Periodically I will be posting insightful preaching from all faiths. If you would like to share something you preached or taught or heard someone else preach on a topic pertinent to our times and the caring of all our children, please email me with the draft.
This is a good one taken from the Christian Lectionary for the Fifteenth Sunday of Ordinary time.
Fifteenth Sunday of Ordinary time: Deuteronomy 10: 13-14 Colossians 1:15-20—Luke 10:25-CY. C Sunday July 10,2016
Too often, this parable of the Good Samaritan is heard as a pleasant moral lesson of kindness and neighborliness, but it is so much more important than that! It is a masterful attack on communal prejudice.
It is our obligation today as twenty-first century Christians to place this parable in the context of ancient Mediterranean society which was an honor and shame society. Mostly we are also called to understand the importance of a simple question directed at a teacher.
A question in the ancient Jewish world was not perceived as a question for information. Questions were seen and experienced as a challenge to a man’s honor. The person who asked the question, and did not know the answer, therefore, would be shamed by their ignorance.
From the start, the writer of Luke’s Gospel tells us that the questionnaire is an Expert in the Law and is putting Jesus to the test. In doing this Luke sets up a very dramatic scene for a real exchange of ideas to occur, but he sets the stage first. In the Gospel of Luke, Jesus is consistent—He is always insulting the questionnaire. (I call this a Christian “touché moment”.) Setting the story up this way, Luke exposes the truth behind the questions:
Lawyer: “Teacher, what must I do to inherit everlasting life?”
Jesus: How do YOU read it?
The Expert on the law answers so directly and correctly that he exposes that he already knew the answer when he asked the question. This quick exchange exposes the fact that he is a liar that is well trained in the Law. Jesus in a simple response to the Lawyer says: “You answered correctly—do it and you will live.” (Touché). But this expert in the Law, needs to save face also, so he asks, “Who is my neighbor”?—knowing full well that Hebrew Law at the time said only people of your tribe were your neighbors.
Another trick question, but Jesus blows him away with his answer/story of the Good Samaritan and his ending question, “Which of these three became a neighbor?” This smart lawyer loses the match. He asked the question, “Who is my neighbor?” and now Jesus asks, “To whom must you become a neighbor?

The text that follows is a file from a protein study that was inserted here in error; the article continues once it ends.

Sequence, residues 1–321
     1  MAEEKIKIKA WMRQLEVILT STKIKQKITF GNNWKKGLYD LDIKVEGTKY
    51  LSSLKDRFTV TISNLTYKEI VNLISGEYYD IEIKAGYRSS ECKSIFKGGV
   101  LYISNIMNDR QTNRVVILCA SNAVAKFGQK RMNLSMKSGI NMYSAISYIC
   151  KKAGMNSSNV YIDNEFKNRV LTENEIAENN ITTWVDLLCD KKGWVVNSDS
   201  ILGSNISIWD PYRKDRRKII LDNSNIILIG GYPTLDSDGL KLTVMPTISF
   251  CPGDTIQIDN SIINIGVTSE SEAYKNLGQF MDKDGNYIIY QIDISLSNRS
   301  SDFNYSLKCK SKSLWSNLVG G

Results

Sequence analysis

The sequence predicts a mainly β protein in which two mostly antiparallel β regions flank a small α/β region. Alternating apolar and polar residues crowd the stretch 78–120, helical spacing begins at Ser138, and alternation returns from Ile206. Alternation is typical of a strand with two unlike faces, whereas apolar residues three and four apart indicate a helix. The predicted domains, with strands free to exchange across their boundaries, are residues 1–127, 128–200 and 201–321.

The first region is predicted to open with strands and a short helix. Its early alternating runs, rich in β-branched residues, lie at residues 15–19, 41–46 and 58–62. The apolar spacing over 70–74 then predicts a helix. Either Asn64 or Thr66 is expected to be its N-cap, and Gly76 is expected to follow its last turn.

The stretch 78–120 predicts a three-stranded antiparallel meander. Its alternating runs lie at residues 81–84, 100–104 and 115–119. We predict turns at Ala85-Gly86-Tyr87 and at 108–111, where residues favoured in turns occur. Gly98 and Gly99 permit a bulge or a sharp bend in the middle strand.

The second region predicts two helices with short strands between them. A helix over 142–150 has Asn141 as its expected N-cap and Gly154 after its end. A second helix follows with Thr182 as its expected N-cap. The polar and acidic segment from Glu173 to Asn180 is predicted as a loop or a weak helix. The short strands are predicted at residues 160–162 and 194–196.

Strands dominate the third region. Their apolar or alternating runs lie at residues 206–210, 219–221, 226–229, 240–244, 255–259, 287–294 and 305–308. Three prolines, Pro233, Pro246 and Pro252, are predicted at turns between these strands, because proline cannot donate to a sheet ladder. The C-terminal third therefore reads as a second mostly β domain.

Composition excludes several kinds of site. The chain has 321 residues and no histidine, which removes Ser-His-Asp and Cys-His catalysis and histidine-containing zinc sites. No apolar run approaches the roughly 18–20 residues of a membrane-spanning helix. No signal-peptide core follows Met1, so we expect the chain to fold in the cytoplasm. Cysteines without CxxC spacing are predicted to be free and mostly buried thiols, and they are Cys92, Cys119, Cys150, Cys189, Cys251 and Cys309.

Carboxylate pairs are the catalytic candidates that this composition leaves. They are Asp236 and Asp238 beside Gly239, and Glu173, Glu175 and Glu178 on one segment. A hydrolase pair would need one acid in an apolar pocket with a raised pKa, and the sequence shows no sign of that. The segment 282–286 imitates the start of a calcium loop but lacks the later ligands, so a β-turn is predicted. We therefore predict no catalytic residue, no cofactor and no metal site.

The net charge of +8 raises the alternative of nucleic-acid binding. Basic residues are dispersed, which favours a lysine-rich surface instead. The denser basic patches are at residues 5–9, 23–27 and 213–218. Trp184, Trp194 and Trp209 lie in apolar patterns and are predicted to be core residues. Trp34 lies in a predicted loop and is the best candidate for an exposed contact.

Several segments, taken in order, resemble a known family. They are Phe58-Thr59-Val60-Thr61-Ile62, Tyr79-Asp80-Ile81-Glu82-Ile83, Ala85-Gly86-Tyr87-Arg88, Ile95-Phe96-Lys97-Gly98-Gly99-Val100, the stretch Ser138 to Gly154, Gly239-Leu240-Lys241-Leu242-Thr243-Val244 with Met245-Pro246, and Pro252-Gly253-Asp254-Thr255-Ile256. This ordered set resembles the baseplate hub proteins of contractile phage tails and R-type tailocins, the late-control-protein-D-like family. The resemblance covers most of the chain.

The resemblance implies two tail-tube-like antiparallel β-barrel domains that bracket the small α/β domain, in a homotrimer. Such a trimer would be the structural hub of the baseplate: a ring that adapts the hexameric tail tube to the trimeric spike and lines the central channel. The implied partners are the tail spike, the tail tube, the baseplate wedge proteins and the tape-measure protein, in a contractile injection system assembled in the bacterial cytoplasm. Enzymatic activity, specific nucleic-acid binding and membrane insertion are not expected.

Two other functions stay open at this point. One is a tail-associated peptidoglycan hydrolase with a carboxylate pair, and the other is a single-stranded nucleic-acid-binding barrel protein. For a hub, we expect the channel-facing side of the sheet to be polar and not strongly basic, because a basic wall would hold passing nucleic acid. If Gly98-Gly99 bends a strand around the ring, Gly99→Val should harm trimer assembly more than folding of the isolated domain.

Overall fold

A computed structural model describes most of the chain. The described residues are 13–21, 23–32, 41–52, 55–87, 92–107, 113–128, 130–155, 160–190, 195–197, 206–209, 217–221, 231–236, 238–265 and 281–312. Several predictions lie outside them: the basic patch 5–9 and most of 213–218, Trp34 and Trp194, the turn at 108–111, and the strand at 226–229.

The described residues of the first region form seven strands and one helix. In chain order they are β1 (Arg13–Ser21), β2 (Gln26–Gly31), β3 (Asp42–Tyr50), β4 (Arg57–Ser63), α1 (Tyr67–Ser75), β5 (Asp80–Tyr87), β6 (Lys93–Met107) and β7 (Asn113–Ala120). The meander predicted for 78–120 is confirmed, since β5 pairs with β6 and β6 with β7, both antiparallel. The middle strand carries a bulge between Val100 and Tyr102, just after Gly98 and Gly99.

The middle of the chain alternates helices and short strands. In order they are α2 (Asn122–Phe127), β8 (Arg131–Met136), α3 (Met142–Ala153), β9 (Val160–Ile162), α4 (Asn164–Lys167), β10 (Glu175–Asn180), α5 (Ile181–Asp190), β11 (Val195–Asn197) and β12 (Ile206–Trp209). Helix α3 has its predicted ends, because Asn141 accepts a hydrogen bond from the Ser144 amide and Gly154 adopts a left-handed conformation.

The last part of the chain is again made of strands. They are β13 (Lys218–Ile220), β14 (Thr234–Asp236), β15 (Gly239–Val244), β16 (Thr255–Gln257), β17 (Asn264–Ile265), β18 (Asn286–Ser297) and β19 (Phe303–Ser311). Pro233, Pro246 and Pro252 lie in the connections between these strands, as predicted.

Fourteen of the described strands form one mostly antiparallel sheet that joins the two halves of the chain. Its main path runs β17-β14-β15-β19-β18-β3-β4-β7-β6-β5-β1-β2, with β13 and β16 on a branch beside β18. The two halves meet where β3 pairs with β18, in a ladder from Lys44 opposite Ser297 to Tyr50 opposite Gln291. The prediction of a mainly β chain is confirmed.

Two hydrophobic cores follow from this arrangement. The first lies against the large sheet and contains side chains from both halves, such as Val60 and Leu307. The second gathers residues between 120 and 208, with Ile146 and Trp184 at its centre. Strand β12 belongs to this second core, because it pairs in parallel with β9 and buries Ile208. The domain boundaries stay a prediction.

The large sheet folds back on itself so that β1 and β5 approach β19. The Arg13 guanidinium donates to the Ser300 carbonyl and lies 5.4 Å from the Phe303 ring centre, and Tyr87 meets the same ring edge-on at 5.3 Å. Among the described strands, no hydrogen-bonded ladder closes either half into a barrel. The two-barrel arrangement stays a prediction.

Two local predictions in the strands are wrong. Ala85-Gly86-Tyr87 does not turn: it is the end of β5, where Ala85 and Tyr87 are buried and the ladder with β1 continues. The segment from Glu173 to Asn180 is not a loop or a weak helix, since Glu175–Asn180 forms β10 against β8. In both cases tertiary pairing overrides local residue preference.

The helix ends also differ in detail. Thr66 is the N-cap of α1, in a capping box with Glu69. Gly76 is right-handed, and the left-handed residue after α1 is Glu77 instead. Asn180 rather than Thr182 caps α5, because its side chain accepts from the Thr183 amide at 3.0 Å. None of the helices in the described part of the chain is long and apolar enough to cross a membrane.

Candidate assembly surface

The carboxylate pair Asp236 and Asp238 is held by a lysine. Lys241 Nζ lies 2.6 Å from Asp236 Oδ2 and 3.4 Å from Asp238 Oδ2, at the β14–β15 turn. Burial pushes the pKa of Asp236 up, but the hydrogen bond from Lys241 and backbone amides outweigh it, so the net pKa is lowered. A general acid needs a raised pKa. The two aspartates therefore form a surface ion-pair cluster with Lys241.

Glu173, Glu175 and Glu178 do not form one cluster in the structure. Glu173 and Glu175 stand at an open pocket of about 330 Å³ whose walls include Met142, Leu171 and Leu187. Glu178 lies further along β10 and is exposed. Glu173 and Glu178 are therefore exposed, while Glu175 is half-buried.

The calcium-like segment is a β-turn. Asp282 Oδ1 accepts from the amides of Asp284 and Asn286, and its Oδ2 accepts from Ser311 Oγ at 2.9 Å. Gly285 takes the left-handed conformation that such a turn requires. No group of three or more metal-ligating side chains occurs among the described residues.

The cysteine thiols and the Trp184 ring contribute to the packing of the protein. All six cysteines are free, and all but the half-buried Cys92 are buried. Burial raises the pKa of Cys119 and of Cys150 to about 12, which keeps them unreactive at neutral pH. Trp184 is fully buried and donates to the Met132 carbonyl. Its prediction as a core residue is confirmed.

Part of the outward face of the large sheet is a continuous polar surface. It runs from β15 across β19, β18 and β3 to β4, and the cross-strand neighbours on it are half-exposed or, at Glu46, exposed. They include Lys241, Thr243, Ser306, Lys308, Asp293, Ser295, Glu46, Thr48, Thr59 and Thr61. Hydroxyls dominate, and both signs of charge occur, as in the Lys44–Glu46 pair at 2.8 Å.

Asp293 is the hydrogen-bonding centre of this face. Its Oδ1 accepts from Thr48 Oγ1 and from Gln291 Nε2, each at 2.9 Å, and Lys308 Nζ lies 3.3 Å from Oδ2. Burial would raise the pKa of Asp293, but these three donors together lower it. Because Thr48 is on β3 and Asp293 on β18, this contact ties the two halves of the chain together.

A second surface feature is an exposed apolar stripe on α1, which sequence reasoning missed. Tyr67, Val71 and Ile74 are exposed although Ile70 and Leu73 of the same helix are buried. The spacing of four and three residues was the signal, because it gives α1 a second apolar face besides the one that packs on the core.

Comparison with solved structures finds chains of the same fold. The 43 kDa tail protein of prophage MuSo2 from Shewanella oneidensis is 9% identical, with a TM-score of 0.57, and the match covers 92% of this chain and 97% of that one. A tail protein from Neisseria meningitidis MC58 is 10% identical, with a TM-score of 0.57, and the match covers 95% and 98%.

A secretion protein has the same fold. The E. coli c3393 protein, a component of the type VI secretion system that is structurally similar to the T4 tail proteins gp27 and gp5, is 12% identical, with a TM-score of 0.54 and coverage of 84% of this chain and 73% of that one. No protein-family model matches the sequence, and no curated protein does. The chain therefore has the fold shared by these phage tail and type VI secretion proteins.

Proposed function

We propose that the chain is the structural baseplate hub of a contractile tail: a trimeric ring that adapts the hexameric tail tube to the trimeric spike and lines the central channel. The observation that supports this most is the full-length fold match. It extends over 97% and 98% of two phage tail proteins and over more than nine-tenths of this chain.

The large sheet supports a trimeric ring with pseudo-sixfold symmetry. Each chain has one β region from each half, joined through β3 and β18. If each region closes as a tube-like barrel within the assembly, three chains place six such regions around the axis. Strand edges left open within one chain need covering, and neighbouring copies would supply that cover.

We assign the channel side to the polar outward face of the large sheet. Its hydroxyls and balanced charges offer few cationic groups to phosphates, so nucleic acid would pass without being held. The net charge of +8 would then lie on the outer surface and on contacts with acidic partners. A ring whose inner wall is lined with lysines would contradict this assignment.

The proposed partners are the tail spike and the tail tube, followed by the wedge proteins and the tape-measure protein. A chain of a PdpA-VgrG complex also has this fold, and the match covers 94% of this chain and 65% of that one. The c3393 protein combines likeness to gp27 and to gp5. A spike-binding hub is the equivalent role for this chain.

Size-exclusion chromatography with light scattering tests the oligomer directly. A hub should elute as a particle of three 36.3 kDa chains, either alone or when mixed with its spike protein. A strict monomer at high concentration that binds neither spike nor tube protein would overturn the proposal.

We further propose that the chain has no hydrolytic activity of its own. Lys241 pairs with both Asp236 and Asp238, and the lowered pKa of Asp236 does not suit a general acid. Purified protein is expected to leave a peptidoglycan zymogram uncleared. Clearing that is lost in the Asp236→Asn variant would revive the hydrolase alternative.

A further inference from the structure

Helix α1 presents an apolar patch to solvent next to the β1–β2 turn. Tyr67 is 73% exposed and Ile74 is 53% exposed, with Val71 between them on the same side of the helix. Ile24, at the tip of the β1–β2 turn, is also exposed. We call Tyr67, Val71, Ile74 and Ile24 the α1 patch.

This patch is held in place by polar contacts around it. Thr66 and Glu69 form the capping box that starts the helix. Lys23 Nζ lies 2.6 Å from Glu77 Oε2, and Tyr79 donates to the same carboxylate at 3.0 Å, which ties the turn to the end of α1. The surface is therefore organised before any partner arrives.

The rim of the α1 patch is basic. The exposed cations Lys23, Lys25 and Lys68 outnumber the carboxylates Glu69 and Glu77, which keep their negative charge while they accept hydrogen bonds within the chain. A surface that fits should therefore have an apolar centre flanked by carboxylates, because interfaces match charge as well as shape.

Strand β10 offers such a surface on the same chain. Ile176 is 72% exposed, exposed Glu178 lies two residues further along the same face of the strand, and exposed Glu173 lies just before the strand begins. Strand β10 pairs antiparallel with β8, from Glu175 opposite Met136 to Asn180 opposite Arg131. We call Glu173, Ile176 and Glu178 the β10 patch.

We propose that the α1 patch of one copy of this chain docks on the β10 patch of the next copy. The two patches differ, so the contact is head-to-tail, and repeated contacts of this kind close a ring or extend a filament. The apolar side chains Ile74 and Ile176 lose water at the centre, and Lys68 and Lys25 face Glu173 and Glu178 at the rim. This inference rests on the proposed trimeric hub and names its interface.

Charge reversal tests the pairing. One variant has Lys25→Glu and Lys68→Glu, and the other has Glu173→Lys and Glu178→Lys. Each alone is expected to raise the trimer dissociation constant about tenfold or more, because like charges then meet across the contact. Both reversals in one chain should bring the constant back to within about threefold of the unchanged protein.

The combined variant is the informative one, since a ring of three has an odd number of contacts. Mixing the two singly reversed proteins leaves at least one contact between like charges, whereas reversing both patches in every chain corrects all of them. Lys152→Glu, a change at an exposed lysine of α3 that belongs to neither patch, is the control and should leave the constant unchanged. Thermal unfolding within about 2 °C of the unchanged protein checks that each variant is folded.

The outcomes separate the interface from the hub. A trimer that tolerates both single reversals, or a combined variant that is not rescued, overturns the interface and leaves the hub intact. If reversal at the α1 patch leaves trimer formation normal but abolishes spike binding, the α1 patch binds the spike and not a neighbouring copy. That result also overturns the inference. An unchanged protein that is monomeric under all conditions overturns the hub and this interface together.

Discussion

The lawyer realizes that one must become a neighbor to anyone and everyone in need. One must reach out with compassion to all people, even to one’s enemies. The Samaritans in this case. Jesus introduces something very new to the human condition.
Jesus gives us a “third way” in dealing with social injustice and fear and violence. Followers of his third way don’t just have to chose fight or flight from an unjust situation, but can choose active non-violence. Jesus’ way deliberately invokes and exposes the violence and the lies of the oppressor. Jesus’s way is a gift not a law. It is a CHOICE—THOU MAYEST. Choosing LOVE is a decision of conscience .
Jesus’ way requires that we acknowledge that my neighbor and I share a human trait: Something in me and my neighbor is very dark and we need God’s help and mercy to bring it to the light for healing. Jesus’ third way also asks us to see all violence as a symptom of a unjust society.
In our second reading, Paul, knew and understood this deep human darkness within himself and within the people of his early Jewish/Christian communities. Today, we hear from Colossians, a community experiencing great violence from without and heresy from within. Paul being the Jewish/Christian mystic he was turns the violence of the Christ’s cross into the LIGHT of reconciliation for all people. For all neighbors….Mercy for All…Reconciliation for all PEOPLES. He gives us hope that we can change human darkness into the light.
I am reminded of Elie Weisel’s words from an early interview regarding his book on the Jewish Holocaust: “The opposite of Hate is not Love, it is Indifference.”
If you came to Church today confused, bewildered, sad, or angry; You are among friends, and you are not indifferent; If you came this morning deeply desiring change in this country, and the world that we share with others; You are not indifferent; You are simply practicing what writers of our first reading using the voice of Moses was asking their people to do, Finding God’s word near you…In your mouth and in your heart. God is within us. God is also within our neighbor.